Researchers and friends from around world relish Capecchi's rags-to-riches personal story. Born in Verona, Italy, in 1937, Capecchi wandered homeless as a child for years after his mother was deported to a Nazi concentration camp for joining an anti-Fascist, Bohemian enclave. The two reunited after World War II when he was nine.
"The only general interest of this story is that it exemplifies the antithesis of a nurturing environment," Capecchi said in the transcript of a 1996 lecture.
As he boy, he next came to America, spending his school-age years in a commune near Philadelphia being fed a rich diet of Quaker social responsibility. Later, he studied at Antioch College before going to Harvard to train under James D. Watson, now credited with the co-discovery of DNA's double helix structure.
Now that he is established in the West, the soft-spoken scientist -- handsome in an Italian, looks-sharp-dressed-down kind of way -- travels worldwide to lecture but never loses sight of his role as husband and father.
Cowan likes to tell others about Capecchi's remote home tucked high in the city's Emigration Canyon that the Utahn bought with his wife, Laurie Fraser, and teen-age daughter, Misha, in 1979.
"It's only for someone who really likes to 'rough it' during Salt Lake winters," Cowan said. "Two things appeal to him: natural beauty and absolutely meticulous experi- mentation."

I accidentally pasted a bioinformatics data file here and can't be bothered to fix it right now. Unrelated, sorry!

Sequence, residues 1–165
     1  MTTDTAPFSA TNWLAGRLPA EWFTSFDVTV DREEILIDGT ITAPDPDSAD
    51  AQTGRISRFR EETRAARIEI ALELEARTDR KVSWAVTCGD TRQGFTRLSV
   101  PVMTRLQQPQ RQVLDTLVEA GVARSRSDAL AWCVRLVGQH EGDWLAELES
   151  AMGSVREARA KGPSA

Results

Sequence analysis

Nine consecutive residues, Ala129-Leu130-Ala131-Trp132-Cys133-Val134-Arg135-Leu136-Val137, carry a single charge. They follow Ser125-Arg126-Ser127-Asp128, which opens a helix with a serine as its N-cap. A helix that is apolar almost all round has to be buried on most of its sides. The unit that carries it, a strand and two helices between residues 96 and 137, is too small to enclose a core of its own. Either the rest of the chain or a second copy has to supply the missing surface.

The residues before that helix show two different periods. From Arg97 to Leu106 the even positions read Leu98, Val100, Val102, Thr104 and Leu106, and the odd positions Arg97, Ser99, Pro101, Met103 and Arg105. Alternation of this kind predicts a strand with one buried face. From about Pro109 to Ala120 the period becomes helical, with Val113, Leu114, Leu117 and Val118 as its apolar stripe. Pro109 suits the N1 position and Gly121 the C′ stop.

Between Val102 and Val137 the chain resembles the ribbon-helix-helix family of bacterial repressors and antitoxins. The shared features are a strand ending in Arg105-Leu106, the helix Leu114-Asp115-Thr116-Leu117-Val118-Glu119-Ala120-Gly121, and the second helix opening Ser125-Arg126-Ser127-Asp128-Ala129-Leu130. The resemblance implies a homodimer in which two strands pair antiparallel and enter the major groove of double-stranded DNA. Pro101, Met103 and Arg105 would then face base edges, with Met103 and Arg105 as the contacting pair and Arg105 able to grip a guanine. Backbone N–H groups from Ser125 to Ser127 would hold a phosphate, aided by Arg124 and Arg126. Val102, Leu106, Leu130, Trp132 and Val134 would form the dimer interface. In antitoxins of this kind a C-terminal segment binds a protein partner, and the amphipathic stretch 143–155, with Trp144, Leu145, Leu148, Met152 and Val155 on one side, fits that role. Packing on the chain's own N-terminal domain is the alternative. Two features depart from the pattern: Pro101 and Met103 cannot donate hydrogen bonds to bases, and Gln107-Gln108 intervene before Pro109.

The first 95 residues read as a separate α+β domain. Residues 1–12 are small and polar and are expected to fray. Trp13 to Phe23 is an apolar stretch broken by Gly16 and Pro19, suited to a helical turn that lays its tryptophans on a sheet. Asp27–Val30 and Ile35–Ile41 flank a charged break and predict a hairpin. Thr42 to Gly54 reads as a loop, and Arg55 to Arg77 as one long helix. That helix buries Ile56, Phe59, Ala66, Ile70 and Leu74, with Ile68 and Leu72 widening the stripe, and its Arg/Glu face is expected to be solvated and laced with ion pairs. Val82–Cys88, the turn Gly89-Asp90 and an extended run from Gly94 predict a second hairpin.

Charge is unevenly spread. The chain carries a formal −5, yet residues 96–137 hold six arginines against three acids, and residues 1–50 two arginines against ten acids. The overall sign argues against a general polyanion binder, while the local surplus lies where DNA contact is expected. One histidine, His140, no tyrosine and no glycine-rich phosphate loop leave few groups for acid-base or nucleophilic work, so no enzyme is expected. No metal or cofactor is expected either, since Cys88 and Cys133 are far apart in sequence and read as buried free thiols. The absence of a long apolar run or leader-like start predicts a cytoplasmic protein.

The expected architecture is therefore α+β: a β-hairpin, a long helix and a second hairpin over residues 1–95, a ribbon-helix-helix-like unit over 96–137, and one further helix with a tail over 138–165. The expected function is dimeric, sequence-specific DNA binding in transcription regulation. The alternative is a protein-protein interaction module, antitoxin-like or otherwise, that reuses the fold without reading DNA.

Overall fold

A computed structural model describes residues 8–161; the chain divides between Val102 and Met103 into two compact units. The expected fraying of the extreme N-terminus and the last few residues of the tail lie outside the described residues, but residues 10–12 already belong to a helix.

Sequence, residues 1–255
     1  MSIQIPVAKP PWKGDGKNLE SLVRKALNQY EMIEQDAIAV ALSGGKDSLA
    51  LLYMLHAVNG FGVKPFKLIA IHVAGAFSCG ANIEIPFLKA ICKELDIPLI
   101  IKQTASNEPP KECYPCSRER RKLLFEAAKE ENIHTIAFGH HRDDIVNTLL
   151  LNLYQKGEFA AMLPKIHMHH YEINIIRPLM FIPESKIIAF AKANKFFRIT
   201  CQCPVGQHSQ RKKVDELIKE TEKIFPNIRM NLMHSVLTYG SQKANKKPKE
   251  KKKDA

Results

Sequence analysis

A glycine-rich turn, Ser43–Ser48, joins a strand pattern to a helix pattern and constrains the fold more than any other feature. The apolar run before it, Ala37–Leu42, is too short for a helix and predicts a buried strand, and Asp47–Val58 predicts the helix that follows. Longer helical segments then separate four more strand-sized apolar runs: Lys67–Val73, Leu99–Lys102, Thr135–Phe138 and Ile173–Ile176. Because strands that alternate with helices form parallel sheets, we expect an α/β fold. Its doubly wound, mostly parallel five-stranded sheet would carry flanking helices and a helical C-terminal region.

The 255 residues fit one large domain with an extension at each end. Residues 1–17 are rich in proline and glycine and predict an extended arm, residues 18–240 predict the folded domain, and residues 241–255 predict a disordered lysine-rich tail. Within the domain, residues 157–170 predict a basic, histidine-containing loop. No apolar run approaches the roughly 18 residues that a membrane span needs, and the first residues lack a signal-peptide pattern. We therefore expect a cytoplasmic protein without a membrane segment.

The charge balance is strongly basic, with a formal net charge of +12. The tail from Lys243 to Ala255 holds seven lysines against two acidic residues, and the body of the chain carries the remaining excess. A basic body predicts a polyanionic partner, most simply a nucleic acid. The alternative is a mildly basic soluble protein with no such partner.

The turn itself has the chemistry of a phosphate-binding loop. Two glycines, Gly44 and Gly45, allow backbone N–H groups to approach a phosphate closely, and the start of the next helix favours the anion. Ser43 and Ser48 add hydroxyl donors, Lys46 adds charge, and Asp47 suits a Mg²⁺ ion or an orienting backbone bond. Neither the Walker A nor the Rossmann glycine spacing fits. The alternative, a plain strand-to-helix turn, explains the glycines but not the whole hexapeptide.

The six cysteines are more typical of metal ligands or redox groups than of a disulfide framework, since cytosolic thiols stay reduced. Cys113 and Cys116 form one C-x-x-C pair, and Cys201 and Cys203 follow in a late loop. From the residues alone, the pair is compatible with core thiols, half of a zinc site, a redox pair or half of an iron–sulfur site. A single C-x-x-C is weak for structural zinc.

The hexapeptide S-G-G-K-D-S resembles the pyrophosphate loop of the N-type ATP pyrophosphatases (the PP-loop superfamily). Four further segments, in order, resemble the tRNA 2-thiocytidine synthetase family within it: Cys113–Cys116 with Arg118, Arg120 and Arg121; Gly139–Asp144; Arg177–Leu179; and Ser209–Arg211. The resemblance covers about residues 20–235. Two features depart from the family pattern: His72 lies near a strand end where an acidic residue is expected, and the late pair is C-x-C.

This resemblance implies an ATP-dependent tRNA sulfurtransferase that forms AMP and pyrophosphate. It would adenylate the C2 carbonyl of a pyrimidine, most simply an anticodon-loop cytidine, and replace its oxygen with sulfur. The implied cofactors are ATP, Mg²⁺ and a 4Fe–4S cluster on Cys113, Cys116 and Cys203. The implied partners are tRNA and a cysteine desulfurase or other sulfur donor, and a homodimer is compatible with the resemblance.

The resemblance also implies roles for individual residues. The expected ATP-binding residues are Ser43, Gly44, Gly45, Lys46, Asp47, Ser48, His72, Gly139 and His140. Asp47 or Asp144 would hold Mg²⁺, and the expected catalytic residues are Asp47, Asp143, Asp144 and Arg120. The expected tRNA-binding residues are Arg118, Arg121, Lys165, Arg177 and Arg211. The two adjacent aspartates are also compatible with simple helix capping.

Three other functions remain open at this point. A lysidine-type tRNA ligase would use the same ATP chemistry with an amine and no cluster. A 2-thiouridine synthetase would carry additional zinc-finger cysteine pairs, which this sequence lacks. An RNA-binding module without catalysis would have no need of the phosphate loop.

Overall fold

Last year, Capecchi was short-listed for the Nobel's medicine prize and is rumored to be in the running for this year's award, given out in October. In 1996 he won Japan's highest scientific honor, the Kyoto Prize, and has no immediate plans to retire.
The 56-year-old Lasker Awards are named for World War II-era philanthropists, the late Albert and Mary Woodward Lasker. It has been given to 63 scientists who subsequently went on to win the Nobel, including four winners in the last three years.
Today's Lasker prize earns Capecchi about a $15,000 honorarium, a bookshelf statue and untold scientific prestige.
Most of all, though, the honor is another way for Capecchi to feel good about leaving the over-competitive halls of Boston to carve out a scientific niche in Utah.
"On the East Coast at the time, there was so much pressure toward daily success that pretty soon that's all you go after," Capecchi said, leaning back in his U. office chair. "Here, I'm just immensely proud of all I've accomplished in the past 30 years."